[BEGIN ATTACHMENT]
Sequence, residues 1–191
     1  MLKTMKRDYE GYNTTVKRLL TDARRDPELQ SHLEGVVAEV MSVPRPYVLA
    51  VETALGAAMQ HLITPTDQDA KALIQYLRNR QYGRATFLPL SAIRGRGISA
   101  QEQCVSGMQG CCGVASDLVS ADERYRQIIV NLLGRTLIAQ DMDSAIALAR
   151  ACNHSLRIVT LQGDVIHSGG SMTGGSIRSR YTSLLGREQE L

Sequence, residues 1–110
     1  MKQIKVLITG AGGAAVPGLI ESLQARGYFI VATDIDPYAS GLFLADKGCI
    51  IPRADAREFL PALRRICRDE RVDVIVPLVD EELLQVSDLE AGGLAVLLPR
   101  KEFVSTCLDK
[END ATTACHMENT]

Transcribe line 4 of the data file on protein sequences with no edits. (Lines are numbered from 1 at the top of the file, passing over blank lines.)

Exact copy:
   101  QEQCVSGMQG CCGVASDLVS ADERYRQIIV NLLGRTLIAQ DMDSAIALAR